Unfortunately for him -- and like the founders of the Coffee Party before him -- Ceglie makes the unforced error of publicly proclaiming his hate-filled left-wing radicalism on his Twitter page.
It includes the sort of language one would expect from bitter and angry liberals, such as: "Sarah Palin talks a lot of s*** for someone who is recognized by most of the world as a complete f***ing idiot." Also: "many republicans never left the 19th century. progressives have been dragging them into modernity kicking & screaming for 100 yrs."
So much for moderation.
As for how he feels about the tea party movement in specific, Ceglie liked this description so much he had to issue it twice: "Maj of TeaParty are delusionl, grumpy old whte men who pee their pants w fear." And as you may expect, he refers to tea party protesters dismissively as "teabaggers."
And all of those comments were just from April.
A name-calling radical with a career as a left-wing agitator, Marco Ceglie is a poor choice for a counter-tea party leader, but the meme he is attempting to push of "The Other 95%" is an even more amusing farce.
Years before progressives began scrambling for a group to counter the ever-growing tea party movement, the Wall Street Journal destroyed Obama's 95% myth ... while he was still on the campaign trail:
For the Obama Democrats, a tax cut is no longer letting you keep more of what you earn. In their lexicon, a tax cut includes tens of billions of dollars in government handouts that are disguised by the phrase "tax credit." Mr. Obama is proposing to create or expand no fewer than seven such credits for individuals. ...
Here's the political catch. All but the clean car credit would be "refundable," which is Washington-speak for the fact that you can receive these checks even if you have no income-tax liability. In other words, they are an income transfer -- a federal check -- from taxpayers to nontaxpayers. Once upon a time we called this "welfare," or in George McGovern's 1972 campaign a "Demogrant." Mr. Obama's genius is to call it a tax cut.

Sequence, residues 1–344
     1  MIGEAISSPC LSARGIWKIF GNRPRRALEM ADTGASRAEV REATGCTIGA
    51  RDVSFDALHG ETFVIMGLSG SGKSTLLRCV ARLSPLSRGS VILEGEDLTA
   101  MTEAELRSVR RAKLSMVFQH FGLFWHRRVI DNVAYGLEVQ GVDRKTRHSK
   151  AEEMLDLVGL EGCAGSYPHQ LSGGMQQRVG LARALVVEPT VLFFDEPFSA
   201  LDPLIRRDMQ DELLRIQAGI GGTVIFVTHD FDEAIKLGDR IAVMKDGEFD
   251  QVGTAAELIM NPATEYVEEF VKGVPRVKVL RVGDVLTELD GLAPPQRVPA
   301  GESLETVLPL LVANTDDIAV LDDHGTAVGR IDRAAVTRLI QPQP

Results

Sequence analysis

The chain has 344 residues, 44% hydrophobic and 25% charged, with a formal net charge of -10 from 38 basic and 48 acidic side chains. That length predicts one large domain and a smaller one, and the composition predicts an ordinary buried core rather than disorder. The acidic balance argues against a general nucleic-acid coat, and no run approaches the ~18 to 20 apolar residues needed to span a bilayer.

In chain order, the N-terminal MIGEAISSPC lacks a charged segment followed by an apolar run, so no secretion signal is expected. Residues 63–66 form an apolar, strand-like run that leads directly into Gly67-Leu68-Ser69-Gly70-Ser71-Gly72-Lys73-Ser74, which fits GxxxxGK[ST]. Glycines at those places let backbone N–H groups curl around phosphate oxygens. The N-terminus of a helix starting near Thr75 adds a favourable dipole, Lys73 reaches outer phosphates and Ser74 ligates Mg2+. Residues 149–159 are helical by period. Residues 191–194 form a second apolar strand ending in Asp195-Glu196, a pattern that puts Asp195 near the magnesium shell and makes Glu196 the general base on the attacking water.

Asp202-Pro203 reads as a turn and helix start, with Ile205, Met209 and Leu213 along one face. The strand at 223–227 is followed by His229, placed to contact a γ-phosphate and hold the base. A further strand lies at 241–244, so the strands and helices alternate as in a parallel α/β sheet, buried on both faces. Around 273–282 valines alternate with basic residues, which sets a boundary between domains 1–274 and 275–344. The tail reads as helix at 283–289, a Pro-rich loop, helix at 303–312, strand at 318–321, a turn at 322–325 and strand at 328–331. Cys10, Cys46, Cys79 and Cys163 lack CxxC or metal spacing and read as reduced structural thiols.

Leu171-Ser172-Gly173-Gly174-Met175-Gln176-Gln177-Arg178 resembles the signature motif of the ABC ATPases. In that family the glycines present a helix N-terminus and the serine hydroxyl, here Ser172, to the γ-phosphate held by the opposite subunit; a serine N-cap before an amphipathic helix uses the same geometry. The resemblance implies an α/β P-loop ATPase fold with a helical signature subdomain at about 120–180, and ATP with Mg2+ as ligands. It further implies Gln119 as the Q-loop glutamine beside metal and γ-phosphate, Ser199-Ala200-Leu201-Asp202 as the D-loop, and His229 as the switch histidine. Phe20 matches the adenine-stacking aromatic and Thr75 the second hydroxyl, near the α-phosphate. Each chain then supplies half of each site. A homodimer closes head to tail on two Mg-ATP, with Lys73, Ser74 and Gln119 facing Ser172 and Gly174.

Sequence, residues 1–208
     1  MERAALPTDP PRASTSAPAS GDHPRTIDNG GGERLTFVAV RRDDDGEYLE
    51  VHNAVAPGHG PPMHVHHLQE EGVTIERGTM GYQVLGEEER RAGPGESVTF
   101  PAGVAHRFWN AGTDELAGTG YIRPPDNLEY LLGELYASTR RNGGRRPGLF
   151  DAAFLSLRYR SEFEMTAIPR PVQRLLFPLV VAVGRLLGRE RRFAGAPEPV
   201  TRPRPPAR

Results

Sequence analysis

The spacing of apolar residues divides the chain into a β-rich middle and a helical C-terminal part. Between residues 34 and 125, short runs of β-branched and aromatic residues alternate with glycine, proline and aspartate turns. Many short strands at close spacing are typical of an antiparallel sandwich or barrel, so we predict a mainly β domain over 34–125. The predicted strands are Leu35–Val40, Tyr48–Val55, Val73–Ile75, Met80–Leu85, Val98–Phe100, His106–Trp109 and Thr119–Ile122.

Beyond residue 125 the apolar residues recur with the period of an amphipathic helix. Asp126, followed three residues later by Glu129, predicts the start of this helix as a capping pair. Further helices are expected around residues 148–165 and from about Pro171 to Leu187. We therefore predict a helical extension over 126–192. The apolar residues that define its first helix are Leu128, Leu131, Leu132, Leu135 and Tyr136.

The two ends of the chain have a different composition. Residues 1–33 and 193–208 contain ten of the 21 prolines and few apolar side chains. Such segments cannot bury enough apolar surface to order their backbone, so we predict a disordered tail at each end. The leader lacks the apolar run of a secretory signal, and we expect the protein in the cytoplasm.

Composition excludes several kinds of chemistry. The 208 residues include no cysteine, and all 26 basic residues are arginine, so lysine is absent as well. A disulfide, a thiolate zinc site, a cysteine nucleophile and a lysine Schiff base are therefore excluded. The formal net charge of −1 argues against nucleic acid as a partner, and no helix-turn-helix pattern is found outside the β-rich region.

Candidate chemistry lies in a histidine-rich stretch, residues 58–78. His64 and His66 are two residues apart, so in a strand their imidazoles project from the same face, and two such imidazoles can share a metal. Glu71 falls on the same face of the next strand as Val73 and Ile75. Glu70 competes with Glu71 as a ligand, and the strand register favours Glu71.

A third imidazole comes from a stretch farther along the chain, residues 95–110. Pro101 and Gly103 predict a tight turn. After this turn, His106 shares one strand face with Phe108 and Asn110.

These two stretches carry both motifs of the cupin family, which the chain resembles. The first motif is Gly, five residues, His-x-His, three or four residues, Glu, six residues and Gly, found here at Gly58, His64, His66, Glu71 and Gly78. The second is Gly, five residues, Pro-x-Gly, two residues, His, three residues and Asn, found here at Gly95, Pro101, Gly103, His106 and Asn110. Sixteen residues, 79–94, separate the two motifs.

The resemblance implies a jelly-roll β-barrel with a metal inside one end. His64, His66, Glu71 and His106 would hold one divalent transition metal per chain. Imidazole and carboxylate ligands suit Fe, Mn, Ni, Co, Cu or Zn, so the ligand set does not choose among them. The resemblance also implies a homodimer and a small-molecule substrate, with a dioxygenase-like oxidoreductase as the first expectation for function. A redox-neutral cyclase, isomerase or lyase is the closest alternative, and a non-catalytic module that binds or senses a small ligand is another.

The Tax Foundation estimates that under the Obama plan 63 million Americans, or 44% of all tax filers, would have no income tax liability and most of those would get a check from the IRS each year. The Heritage Foundation's Center for Data Analysis estimates that by 2011, under the Obama plan, an additional 10 million filers would pay zero taxes while cashing checks from the IRS.
The total annual expenditures on refundable "tax credits" would rise over the next 10 years by $647 billion to $1.054 trillion, according to the Tax Policy Center. This means that the tax-credit welfare state would soon cost four times actual cash welfare.
Obama didn't give 95% of the working population tax cuts. He redefined welfare as "tax cuts" to give more of your hard-earned money to people who didn't earn it.
Of course, I think we can all completely understand why Mr. Ceglie and his allies on the left would prefer to avoid a more fitting name for their rallying point. A moniker that invokes images of lampreys, leeches, and other parasites probably is a culture jam that even his considerable professional skills as an activist couldn't spin.